Natural wine: nay


Photograph: Jason Lowe

Photograph: Jason Lowe

Following on from yesterday’s post arguing in favour of the natural wine phenomenon, Martin Hudson MW contends that the trend represents a step backward for mankind (at least in the winemaking arena).

Natural wine is one of the most divisive issues in the wine trade, with virtually no-one indifferent to it. As an unreconstructed techie, I firmly believe the wines are at best an ephemeral distraction, and at worst a profoundly unpleasant experience. Why should winemakers turn their back on millennia of technological advancement for little, if any, advantage?  One of my main objections to the phrase ‘natural wine’ is the lack of any consistent definition as to what this means. Talk of non-interventionist viticulture and winemaking is fine as far as it goes, but does this extend to temperature control of fermentation and use of oak? How much, if any, sulphur dioxide (SO2) is permitted?

I am sure we can all agree that limiting the use of synthetic pesticides and herbicides is beneficial, not least because it probably helps yeast viability during fermentation, but preventing must adjustment seems too much of a hair shirt – if it is a cool vintage, why not allow the addition of a natural ingredient, sugar, to compensate for lack of sunshine? If one is making wine in a warm climate, what is the objection to adding the naturally occurring tartaric acid to give the resulting wine balance? If fermentation has stopped before all the sugar has been consumed, why not add some naturally occurring but cultured yeast to re-start the process, and achieve the desired, and stable, dry wine?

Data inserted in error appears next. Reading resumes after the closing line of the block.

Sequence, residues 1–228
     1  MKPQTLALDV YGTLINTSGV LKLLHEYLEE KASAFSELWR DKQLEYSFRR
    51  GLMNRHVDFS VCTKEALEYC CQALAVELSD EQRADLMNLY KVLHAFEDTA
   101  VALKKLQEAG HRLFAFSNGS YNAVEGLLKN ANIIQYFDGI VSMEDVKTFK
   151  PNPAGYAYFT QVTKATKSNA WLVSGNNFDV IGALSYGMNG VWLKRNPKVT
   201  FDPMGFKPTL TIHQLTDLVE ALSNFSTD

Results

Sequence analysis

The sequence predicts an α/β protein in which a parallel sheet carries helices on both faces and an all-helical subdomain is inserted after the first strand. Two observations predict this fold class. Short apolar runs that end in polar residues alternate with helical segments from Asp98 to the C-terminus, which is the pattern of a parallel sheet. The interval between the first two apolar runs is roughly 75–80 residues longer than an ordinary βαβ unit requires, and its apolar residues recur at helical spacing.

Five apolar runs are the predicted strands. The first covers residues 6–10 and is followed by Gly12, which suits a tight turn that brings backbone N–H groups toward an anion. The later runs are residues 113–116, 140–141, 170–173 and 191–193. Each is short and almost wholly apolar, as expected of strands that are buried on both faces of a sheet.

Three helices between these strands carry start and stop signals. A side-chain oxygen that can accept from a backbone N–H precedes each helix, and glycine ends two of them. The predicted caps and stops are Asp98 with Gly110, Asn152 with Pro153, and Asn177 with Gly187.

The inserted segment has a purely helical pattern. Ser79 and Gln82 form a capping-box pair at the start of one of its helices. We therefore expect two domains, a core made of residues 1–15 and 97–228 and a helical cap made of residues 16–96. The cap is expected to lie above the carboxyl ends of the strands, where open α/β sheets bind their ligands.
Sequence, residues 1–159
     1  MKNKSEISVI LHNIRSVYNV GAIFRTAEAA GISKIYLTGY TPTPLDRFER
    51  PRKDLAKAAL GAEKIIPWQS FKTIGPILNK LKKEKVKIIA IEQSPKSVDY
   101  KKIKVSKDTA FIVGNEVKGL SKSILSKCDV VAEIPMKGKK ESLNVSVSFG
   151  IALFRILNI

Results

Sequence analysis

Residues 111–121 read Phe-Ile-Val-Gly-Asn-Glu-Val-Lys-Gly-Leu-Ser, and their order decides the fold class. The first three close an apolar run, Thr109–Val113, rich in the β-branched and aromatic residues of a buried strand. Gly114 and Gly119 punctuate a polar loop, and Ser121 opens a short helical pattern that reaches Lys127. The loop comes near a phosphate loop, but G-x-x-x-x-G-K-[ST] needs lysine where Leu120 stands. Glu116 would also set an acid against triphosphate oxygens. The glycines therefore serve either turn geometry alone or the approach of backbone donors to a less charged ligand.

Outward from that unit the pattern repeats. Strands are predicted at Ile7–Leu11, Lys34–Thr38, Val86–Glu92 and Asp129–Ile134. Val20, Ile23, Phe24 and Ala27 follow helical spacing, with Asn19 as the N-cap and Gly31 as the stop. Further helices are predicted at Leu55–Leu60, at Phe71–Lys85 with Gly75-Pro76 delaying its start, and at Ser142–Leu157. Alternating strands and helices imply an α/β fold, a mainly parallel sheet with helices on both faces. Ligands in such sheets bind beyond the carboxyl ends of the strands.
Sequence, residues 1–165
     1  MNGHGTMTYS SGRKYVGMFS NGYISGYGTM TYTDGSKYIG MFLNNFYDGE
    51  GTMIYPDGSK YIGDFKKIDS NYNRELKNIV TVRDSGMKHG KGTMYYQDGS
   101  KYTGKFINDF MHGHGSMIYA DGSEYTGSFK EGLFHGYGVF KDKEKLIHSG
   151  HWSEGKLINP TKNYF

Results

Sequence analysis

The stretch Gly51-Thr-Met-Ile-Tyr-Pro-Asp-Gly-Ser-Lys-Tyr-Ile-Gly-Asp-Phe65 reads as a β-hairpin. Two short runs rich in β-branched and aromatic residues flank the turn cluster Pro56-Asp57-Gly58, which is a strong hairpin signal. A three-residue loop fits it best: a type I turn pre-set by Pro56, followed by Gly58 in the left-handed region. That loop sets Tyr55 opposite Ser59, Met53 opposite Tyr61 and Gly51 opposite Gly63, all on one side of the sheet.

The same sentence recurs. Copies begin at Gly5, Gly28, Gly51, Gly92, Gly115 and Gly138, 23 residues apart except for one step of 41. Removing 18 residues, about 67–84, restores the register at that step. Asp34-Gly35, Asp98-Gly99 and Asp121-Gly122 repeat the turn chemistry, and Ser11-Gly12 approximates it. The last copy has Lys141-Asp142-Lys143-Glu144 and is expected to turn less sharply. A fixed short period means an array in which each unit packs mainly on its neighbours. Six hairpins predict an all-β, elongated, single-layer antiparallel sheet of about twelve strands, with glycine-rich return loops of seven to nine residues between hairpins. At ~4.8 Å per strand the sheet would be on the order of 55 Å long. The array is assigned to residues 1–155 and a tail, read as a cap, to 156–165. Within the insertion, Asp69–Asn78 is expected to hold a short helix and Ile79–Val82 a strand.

Some aspects of the ‘natural wine philosophy’ are admirable – eschewing enzyme treatments designed to increase extraction of colour and flavour, but all too often the drive to reduce or eliminate the use of SO2 (which is desirable for the minority who suffer allergic reactions to this anti-oxidant and preservative)has undesirable side effects, particularly in white wines. Fruit is picked under-ripe, to maintain high levels of acidity and make the wines less microbiologically unstable, or the wine is made more like a red, with a significant period of skin contact to extract polyphenols (tannins) that are natural antioxidants – which is fine if you like white wines that coat your teeth and gums.

Worse still are those wines that do not pay sufficient attention to protection against oxygen and spoilage bacteria, and look and taste like badly-made scrumpy cider – cloudy and repellently sharp. We often forget that the Romans knew that burning sulphur candles in amphorae prior to use prolonged the life of wine stored therein; “technological winemaking” is not a recent phenomenon. Rejecting temperature control and hygienic stainless steel tanks would condemn many currently popular grape varieties to re-live their dull, characterless past. Too often ‘natural’ wines taste of winemaking (or a lack of it) and not of their grape variety or origin.

I could argue that all wines are natural, in that they are all made from naturally occurring materials (with the possible exception of a minority of fining agents), or that none are, as all require some manipulation to achieve the finished product; if grapes were merely left to ferment in a container, they would eventually create vinegar. I would certainly argue that if technology has made wine more consistent, safer, and more pleasant to drink, then we should embrace it, not reject it. Adherents of natural wine strike me as being similar to those who ride fixed wheel bicycles – rejecting progress and making life difficult for themselves for no better reason than fashion.

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